# Action Message Format

Internet media type application/octet-stream Adobe Systems Data exchange format Structured data

Action Message Format (AMF) is a binary format used to serialize object graphs such as ActionScript objects and XML, or send messages between an Adobe Flash client and a remote service, usually a Flash Media Server or third party alternatives. The Actionscript 3 language provides classes for encoding and decoding from the AMF format.

The format is often used in conjunction with Adobe's RTMP to establish connections and control commands for the delivery of streaming media. In this case, the AMF data is encapsulated in a chunk which has a header which defines things such as the message length and type (whether it is a "ping", "command" or media data).

## Format analysis

AMF was introduced with Flash Player 6, and this version is referred to as AMF0. It was unchanged until the release of Flash Player 9 and ActionScript 3.0, when new data types and language features prompted an update, called AMF3.[1] Flash Player 10 added vector and dictionary data types documented in a revised specification of January 2013.

Adobe Systems published the AMF binary data protocol specification in December 2007[2][3] and announced that it will support the developer community to make this protocol available for every major server platform.

### AMF self-contained packet

The following amf-packet is for transmission of messages outside of defined Adobe/Macromedia containers or transports such as Flash Video or the Real Time Messaging Protocol.

amf-packet-structure
Length Name Type Default
16 bits version uimsbf 0 or 3
16 bits message-count uimsbf 1
message-count*64+ bits message-type-structure binary free form
Length Name Type Default
8 bits must-understand uimsbf 0
header-length*8 bits AMF0 or AMF3 binary free form
message-type-structure
Length Name Type Default
16 bits target-uri-length uimsbf variable
target-uri-length*8 bits target-uri-string UTF-8 variable
16 bits response-uri-length uimsbf 2
response-uri-length*8 bits response-uri-string UTF-8 "/1"
32 bits message-length simsbf variable
message-length*8 bits AMF0 or AMF3 binary free form

If either the header-length or message-length are unknown then they are set to -1 or 0xFFFFFFFF

uimsbf: unsigned integer, most significant bit first

simsbf: signed integer, most significant bit first

### AMF0

The format specifies the various data types that can be used to encode data. Adobe states that AMF is mainly used to represent object graphs that include named properties in the form of key-value pairs, where the keys are encoded as strings and the values can be of any data type such as strings or numbers as well as arrays and other objects. XML is supported as a native type. Each type is denoted by a single byte preceding the actual data. The values of that byte are as below (for AMF0):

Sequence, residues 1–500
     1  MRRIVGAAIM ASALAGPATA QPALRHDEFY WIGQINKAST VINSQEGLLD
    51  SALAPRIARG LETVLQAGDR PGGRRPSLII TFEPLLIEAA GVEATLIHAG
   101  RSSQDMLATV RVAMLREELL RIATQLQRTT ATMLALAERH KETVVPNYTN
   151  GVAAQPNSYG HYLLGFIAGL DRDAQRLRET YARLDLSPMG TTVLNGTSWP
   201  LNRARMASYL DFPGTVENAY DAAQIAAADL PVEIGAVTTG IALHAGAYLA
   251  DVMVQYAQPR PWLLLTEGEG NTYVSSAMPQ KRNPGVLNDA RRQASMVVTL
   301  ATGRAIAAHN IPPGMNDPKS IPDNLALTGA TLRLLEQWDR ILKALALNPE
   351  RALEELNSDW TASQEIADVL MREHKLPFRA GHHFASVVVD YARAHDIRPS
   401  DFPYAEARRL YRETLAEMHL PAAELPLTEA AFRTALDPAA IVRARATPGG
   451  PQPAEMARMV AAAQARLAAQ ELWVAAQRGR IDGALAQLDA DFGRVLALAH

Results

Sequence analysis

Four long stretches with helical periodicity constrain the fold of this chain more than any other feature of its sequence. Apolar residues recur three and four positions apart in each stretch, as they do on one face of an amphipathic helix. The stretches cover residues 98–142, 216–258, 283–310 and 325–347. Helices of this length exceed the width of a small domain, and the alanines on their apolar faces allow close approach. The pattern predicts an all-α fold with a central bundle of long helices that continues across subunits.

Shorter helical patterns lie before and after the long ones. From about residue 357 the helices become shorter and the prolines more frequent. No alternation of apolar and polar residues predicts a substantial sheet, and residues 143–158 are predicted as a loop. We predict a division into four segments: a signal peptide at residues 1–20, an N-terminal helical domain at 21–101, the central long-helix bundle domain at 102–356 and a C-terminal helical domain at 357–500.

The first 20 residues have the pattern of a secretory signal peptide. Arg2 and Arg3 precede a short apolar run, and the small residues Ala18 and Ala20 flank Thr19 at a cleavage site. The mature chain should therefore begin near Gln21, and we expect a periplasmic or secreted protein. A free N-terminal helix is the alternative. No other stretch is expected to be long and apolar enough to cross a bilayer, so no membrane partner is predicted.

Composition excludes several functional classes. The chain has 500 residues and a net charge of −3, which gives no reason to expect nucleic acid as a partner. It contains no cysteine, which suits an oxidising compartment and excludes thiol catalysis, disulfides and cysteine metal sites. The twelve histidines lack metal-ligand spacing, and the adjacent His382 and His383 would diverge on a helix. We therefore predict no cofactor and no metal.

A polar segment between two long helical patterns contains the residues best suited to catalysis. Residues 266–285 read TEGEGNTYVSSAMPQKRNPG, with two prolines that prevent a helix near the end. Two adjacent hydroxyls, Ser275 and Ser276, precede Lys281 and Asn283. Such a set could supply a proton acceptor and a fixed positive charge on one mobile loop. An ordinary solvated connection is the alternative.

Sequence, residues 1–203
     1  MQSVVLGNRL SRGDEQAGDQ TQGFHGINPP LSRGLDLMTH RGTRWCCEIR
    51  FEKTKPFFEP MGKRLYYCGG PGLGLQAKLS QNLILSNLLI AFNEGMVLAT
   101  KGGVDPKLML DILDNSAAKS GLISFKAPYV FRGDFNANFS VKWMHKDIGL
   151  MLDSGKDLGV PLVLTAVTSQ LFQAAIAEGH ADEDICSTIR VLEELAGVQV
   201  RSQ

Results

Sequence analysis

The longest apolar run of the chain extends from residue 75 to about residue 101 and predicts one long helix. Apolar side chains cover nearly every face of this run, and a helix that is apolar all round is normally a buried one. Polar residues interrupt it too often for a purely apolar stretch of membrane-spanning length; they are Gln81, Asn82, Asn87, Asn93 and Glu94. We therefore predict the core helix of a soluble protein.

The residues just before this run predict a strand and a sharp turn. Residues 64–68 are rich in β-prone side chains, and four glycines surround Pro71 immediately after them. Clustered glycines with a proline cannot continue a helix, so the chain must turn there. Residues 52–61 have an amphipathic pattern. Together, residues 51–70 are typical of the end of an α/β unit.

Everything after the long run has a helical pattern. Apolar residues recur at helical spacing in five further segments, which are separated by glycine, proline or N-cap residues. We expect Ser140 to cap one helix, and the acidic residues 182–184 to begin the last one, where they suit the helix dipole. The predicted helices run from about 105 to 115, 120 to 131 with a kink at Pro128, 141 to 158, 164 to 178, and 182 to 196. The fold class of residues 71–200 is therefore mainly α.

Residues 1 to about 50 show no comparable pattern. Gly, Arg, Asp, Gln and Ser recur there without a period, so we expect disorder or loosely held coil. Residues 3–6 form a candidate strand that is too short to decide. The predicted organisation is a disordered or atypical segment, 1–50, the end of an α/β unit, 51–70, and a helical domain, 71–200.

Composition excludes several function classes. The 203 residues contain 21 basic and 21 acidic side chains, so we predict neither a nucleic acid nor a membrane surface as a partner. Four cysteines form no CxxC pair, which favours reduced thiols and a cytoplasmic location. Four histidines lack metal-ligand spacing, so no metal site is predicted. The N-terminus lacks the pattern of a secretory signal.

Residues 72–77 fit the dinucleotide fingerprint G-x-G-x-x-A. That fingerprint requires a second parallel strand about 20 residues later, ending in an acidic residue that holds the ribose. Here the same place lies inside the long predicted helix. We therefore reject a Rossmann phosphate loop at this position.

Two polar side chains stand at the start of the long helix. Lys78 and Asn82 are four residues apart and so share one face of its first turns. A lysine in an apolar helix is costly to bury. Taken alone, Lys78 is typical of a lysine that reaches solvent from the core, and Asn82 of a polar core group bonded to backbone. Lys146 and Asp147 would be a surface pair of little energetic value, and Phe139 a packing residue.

• Number - 0x00 (Encoded as IEEE 64-bit double-precision floating point number)
• Boolean - 0x01 (Encoded as a single byte of value 0x00 or 0x01)
• String - 0x02 (16-bit integer string length with UTF-8 string)
• Object - 0x03 (Set of key/value pairs)
• Null - 0x05
• ECMA Array - 0x08 (32-bit entry count)
• Object End - 0x09 (preceded by an empty 16-bit string length)
• Strict Array - 0x0a (32-bit entry count)
• Date - 0x0b (Encoded as IEEE 64-bit double-precision floating point number with 16-bit integer time zone offset)
• Long String - 0x0c (32-bit integer string length with UTF-8 string)
• XML Document - 0x0f (32-bit integer string length with UTF-8 string)
• Typed Object - 0x10 (16-bit integer name length with UTF-8 name, followed by entries)
• Switch to AMF3 - 0x11

AMF objects begin with a (0x03) followed by a set of key-value pairs and end with a (0x09) as value (preceded by 0x00 0x00 as empty key entry). Keys are encoded as strings with the (0x02) 'type-definition' byte being implied (not included in the message). Values can be of any type including other objects and whole object graphs can be serialized in this way. Both object keys and strings are preceded by two bytes denoting their length in number of bytes. This means that strings are preceded by a total of three bytes which includes the 0x02 type byte. Null types only contain their type-definition (0x05). Numbers are encoded as double-precision floating point and are composed of eight bytes.

As an example, when encoding the object below in actionscript 3 code.

var person:Object = {name:'Mike', age:'30', alias:'Mike'};
var stream:ByteArray = new ByteArray();
stream.objectEncoding = ObjectEncoding.AMF0; // ByteArray defaults to AMF3
stream.writeObject(person);

The data held in the ByteArray is:

Hex code ASCII
03 00 04 6e 61 6d 65 02 00 04 4d 69 6b 65 00 03 61 67 65 00 40 3e 00 00 00 00 00 00 00 05 61 6c 69 61 73 02 00 04 4d 69 6b 65 00 00 09

. . . n a m e . . . M i k e . . a g e . @ > . . . . . . . . a l i a s . . . M i k e . . .

Note: the object properties can be sorted in a different order from the one in which they are placed in actionscript. For coloring/markup, refer to the legend below.

The code above will work only for built-in classes like Object. To serialise and deserialise custom classes, the user needs to declare them using the registerClassAlias command or else an error will be thrown by the player.